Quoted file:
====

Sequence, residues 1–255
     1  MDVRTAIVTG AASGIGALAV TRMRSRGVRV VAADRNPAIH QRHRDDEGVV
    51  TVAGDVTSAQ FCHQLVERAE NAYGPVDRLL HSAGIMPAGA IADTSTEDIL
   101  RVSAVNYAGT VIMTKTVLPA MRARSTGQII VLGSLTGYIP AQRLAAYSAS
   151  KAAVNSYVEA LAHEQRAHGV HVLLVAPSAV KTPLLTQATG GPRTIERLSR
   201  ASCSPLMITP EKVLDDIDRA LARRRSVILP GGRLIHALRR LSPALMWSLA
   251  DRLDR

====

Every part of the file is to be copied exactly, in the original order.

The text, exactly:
Sequence, residues 1–255
     1  MDVRTAIVTG AASGIGALAV TRMRSRGVRV VAADRNPAIH QRHRDDEGVV
    51  TVAGDVTSAQ FCHQLVERAE NAYGPVDRLL HSAGIMPAGA IADTSTEDIL
   101  RVSAVNYAGT VIMTKTVLPA MRARSTGQII VLGSLTGYIP AQRLAAYSAS
   151  KAAVNSYVEA LAHEQRAHGV HVLLVAPSAV KTPLLTQATG GPRTIERLSR
   201  ASCSPLMITP EKVLDDIDRA LARRRSVILP GGRLIHALRR LSPALMWSLA
   251  DRLDR